Cultured Magazine

April/May 2015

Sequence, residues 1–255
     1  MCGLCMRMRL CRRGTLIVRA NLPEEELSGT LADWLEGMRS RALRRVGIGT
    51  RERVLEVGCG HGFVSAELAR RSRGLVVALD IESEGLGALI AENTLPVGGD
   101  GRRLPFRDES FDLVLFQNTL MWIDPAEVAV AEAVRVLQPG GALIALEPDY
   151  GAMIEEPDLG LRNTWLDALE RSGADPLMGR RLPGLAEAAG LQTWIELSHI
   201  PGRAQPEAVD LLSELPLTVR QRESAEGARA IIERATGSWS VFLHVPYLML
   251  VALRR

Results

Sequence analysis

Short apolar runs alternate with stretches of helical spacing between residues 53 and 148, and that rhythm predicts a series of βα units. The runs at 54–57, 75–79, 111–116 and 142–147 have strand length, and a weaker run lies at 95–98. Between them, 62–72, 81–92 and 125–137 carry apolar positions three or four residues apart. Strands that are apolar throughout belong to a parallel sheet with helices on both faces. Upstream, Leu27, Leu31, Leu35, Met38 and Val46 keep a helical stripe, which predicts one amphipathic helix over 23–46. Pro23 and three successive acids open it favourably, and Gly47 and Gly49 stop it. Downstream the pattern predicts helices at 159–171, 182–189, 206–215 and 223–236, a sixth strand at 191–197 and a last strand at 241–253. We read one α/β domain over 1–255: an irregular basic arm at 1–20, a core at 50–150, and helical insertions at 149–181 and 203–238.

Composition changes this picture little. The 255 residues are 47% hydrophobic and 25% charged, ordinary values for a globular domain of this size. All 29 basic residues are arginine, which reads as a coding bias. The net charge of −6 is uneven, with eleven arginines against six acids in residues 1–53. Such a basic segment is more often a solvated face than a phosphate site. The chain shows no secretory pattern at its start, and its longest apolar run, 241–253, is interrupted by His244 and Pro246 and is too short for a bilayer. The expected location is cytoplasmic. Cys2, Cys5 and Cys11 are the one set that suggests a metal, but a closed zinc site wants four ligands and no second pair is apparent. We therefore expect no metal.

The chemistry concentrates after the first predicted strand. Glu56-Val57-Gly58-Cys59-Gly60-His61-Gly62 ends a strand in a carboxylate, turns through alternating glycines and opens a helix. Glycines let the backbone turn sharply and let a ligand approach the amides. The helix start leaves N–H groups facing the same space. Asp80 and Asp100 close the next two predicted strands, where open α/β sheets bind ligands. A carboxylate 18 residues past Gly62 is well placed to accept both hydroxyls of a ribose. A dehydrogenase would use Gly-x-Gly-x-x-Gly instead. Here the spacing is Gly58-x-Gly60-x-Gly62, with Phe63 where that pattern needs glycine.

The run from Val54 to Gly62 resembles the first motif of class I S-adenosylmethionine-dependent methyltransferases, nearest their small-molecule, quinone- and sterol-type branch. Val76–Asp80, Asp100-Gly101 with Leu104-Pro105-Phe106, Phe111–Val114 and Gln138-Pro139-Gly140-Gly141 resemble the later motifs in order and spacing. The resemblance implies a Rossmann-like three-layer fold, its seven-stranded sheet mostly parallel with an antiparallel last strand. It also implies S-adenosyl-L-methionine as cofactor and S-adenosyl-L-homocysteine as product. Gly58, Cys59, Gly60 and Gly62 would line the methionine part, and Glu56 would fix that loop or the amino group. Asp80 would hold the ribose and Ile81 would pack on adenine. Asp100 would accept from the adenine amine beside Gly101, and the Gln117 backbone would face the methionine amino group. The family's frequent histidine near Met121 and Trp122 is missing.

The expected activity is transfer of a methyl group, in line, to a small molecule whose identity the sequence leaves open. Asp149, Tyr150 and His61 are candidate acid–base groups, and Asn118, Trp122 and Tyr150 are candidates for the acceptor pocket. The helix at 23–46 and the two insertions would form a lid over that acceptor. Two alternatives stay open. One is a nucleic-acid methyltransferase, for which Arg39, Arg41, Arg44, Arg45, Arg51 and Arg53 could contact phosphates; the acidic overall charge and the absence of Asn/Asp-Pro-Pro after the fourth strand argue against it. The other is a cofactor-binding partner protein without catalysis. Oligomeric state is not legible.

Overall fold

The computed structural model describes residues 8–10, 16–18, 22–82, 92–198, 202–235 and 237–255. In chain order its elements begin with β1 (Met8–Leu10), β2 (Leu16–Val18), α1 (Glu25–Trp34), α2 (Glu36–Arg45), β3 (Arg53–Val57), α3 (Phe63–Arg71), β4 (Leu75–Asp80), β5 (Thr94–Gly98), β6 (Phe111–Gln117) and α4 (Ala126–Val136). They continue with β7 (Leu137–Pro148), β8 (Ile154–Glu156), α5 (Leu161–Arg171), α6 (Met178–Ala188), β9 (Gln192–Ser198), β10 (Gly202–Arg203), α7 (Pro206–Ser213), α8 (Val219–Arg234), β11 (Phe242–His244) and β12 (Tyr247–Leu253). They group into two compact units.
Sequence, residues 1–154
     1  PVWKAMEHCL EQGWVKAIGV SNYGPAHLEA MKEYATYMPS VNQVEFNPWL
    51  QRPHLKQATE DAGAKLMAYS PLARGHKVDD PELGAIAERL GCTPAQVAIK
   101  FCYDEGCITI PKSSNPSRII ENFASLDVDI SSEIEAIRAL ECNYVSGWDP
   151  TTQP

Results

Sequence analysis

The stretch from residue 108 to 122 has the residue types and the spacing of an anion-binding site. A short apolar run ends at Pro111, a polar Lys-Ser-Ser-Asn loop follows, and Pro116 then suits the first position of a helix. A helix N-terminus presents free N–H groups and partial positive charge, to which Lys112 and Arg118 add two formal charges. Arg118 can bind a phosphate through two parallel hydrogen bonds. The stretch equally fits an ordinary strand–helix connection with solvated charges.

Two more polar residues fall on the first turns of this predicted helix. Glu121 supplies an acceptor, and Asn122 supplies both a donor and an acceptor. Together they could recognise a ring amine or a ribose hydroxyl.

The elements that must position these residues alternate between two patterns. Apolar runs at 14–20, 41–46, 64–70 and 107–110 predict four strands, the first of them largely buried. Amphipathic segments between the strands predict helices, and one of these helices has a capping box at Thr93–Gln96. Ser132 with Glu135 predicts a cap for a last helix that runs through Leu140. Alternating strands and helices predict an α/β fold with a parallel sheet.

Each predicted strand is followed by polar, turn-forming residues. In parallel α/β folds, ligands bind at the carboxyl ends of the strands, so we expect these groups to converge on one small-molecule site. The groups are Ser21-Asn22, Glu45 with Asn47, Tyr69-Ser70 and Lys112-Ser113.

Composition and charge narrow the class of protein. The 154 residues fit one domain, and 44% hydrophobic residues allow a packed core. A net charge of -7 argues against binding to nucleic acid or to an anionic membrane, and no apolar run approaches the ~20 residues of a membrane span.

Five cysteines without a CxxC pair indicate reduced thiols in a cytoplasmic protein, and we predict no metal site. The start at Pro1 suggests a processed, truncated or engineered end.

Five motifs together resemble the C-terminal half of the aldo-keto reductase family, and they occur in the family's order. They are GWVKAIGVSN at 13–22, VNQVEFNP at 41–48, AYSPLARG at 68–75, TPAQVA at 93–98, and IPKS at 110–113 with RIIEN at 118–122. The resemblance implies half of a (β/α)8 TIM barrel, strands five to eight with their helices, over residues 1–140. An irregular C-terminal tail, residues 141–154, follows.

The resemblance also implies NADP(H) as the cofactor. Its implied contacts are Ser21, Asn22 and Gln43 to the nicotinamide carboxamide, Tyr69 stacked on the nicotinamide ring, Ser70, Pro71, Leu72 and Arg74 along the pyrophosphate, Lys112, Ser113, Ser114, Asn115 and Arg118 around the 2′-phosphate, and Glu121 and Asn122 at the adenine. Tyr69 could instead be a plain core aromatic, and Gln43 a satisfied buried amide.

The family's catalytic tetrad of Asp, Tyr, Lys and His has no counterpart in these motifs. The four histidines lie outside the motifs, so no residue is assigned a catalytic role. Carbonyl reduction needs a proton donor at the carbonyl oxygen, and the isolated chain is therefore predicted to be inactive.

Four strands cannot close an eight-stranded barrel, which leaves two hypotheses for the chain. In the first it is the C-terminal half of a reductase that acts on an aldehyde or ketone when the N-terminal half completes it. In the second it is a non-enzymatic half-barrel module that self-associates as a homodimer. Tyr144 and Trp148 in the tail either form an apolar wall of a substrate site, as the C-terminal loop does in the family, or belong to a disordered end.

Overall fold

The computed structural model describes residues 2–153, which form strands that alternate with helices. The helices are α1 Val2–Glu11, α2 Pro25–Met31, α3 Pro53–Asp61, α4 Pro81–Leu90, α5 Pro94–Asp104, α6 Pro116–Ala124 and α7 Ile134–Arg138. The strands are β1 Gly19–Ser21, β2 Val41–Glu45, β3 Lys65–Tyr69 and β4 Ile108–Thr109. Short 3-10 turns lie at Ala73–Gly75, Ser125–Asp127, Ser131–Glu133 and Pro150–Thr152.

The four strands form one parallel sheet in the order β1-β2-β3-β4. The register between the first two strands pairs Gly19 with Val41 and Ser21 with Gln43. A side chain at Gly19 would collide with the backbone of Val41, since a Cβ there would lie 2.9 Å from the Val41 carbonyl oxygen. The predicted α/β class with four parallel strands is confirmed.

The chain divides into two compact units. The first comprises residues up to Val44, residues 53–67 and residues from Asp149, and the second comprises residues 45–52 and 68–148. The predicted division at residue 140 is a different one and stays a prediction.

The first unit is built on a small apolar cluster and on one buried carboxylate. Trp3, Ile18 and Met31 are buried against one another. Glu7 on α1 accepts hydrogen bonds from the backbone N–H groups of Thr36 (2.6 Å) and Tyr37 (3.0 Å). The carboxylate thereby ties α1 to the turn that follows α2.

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Jer Thorp tells visual stories though the language of data. His multidisciplinary approach and research-based artistic practice explores and challenges the boundaries between art, data, culture and technology. His latest project, A Sort of Joy (Thousands of Exhausted Things), is a collaboration with the theater group Elevator Repair Service and a result of his two-year residency with the firm he founded, Office for Creative Research, at the Museum of Modern Art in New York City. Cathy Leff: How do you describe your art practice? Jer Thorp: My work meanders around the boundaries between data and culture. I'm interested in how data can be understood as a cultural artifact and also how large-scale data systems are changing the way in which people live their lives. I do this mostly through tool making. Some of these tools are things that people can use on the internet or in public space; others are instruments that can be in performance or in the creation of visual systems. CL: How did your residency at MoMA come about? JT: Artists Experiment is a project that the education department at MoMA has been running for the last three years. The idea is to bring artists into the institution and to have them produce artwork that also can be understood as public programming. They invited me to take part last year, and I invited my collaborators Ben Rubin and Mark Hansen from the Office for Creative Research. Our engagement was actually extended by a year, so we've stuck around for a lot longer than was originally intended. CL: Did you—or they—have a specific idea or project in mind? JT: Not at all. We knew that we wanted to do something with data, and we knew that it was going to involve public participation in some way, but beyond that we went in with no preconceived ideas. I think one thing that we did bring into the collaboration was that we wanted to do something unconventional. Saying 'museum' and 'data' together in a sentence doesn't exactly raise heart rates. We definitely wanted to do something surprising. CL: Talk about the piece you created during your residency. JT: The work that we'll be showing at MoMA in April is a performance, made in collaboration with Elevator Repair Service. Six actors perform a mix of algorithmically produced scripts that will be different every time they are performed, and some things that are memorized. Each performance runs for about two hours, though people can engage with it for as long as they want. It's a chance to take the 127,000 pieces in the museum's holdings that are not on exhibit at any given time, and to bring them into the space, to connect with people and with the other artworks that are on the wall. It's also a way to make something public and to give it a more exciting role than it typically has. CL: Do you have any recommendations for other institutions on how they might use artists to animate their collections and engage audiences? JT: I think there are two answers here: first, take whatever data you have about your collections and put it online. The Tate did this in a really simple way when they put their collections data on GitHub. Part of the role of a museum or a library is to connect the public to information. Second, if you don't already have one, create a residency project. It can be small—maybe one artist for one month. It ends up being a symbiotic relationship: your institution will benefit, the artist will benefit and your audience will benefit. 120 CULTURED Numbers Game Artist Jer Thorp took on MoMA's vast holdings, creating a new visual system of data as art. Cathy Leff speaks to Thorp about raising heart rates with data and what to do with 127,000 pieces of art. Artist Jer Thorp

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